Microsoft have a great to the point explanation of what the using statement does – ‘Defines a scope, outside of which an object or objects will be disposed’. Its right on the money.  You create objects within the using statement that once the using statement is complete are disposed of.  The using statement implicitly calls the Dispose() method of the objects being used. I guess common sense is telling you here that you can only use the ‘using’ statement with objects that implement IDisposable!

The code example below demonstrates the use of the statement with the SqlConnection object we mentioned above.  Once this method returns the data requested in the passed in SQL query, the using method calls the Dispose() method on the SqlConnection object (I should point out at this point that you pass more than one object to the using statement):

Tip – When the compiler turns the using statement into MSIL it creates Try and Finally blocks for the code.

Metastorm 9 : Server Side Scripting


Metastorm BPM 9, like with earlier versions of the product provides the facility to extend BPM applications and integrate processes with other systems via scripts that execute on the BPM server itself.  Up to the release of version 9, server side scripting could be performed using JScript, VBScript or JScript.NET, the latter of which allowed integration with the .NET framework.  Version 9 now allows the developer to code in C#, the most popular of the .NET languages (C# is used in all examples here).  This article looks to provide a very brief introduction to server side scripting in Metastorm BPM 9 and will cover how to create server side scripts, access your process data and how to execute a server side script from within a process. Knowledge of C# is required.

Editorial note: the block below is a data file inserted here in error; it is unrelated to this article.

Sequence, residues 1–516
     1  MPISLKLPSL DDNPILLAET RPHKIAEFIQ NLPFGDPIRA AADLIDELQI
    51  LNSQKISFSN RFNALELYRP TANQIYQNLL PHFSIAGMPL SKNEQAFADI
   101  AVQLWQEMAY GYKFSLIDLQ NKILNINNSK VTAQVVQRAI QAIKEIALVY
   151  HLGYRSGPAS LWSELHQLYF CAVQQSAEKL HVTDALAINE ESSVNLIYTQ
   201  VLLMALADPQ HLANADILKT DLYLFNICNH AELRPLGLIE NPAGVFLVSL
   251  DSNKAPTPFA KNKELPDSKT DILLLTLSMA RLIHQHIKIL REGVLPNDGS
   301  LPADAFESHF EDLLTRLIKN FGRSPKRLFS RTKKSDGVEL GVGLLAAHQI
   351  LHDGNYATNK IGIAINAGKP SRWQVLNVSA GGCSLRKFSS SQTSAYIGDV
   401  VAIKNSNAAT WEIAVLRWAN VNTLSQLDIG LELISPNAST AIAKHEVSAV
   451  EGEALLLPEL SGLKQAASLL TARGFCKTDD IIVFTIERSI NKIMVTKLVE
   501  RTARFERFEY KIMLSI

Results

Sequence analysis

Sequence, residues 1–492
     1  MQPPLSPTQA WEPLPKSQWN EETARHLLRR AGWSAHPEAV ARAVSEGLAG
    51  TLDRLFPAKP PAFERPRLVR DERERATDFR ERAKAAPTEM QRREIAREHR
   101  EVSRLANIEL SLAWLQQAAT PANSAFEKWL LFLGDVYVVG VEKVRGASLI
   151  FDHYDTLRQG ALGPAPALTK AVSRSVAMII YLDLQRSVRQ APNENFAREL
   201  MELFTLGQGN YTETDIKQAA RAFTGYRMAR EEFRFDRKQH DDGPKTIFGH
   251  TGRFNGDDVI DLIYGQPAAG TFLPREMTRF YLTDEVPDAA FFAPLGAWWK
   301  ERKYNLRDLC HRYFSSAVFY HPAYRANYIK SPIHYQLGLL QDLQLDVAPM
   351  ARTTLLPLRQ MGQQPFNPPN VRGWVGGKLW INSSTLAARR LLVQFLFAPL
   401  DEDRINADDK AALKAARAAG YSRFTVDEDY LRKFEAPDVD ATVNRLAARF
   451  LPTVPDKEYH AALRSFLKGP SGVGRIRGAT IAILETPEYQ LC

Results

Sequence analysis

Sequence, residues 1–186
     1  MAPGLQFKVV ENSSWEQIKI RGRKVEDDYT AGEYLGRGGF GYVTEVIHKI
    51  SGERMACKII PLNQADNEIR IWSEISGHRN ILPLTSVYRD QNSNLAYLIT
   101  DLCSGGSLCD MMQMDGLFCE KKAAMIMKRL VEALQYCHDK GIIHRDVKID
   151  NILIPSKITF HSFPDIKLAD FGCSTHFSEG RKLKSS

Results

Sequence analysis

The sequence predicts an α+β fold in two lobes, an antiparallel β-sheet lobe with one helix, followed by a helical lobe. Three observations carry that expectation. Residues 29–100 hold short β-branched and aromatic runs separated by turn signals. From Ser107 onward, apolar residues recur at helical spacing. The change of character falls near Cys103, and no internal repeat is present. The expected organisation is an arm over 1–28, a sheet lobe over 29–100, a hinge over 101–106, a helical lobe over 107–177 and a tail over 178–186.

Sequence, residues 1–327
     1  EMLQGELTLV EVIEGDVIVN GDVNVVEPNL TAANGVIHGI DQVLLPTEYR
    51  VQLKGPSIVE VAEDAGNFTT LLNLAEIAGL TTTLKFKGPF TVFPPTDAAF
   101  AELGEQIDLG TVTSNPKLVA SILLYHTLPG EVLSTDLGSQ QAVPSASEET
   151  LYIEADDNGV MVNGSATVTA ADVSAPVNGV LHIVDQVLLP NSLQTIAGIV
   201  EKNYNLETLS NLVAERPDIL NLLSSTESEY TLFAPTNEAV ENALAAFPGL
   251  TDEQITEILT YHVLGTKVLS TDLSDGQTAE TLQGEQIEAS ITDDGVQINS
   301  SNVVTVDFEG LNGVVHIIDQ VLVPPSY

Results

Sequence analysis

Object Model

Before delving into the coding, its important to get a grasp on the core Metastorm namespaces and understand what namespaces are imported into each server side script and why. Each new server side script is created with a default set of ‘using’ statements (‘imports’ in JScript.NET) that are required for the script to execute correctly.  To add a server side script to your project, right clicking the project name and select New > Server Script.  A new script file will be added to your project called ServerScript1 and the script will open for editing.  Take a look at the using statements at the top (yours will exclude my comments in green).

Metastorm.Runtime.Models

For the sake of clarity, we are refering to the metastorm project  inventory items as project objects in this article. Not only because ‘object’ is a standard programming label/identifier for ‘things’ you code against (abstract representations of real world entities) but because at runtime, your project objects are seen as just that, .NET objects of classes in the Metastorm.Runtime.Models namespace. The class represents the process definition that you deploy to the BPM server, the objects represent the process instances.

One of the biggest fundamental and most obvious improvements in version 9 over version 7 is the object orientated design approach. Your data, regardless of its source (web services, database, LDAP etc) are represented as named business objects.  Your processes have their own processData and processContext objects. Forms also have local data objects, all of which are available to use in your server side code.  The introduction of looping constructs is no doubt a result of this new object orientated approach to process design.

Before jumping into the details of server side scripting in version 9 and how we can utilize and manipulate our metastorm objects using C#, I want to touch on the object model for a project. Essentially each project represents a namespace inside of the Metastorm.Runtime.Models name space, for example I’m using a project called RH_RootCases so the namespace would be Metastorm.Runtime.Models.RH_RootCases.  This namespace contains the following (on the basis that you have added these to your project) and lists them by name (e.g. Form1,Process1 etc):

Forms

The most important property of the form class is probably the ‘Fields’ collection which can be accessed to return the fields and their values for use in your scripts. The following illustrates a few basic field and form business object related operations:

Connections

The connection represents the named object that connects to your data sources and contains the configuration information required for the connection. The configuration information is dependant on the type of connection you create, e.g. data link properties for database connections, URI and method/parameter specifics for a web services.  The below is a simple example of how to access a database connections properties using the default Metastorm connection object: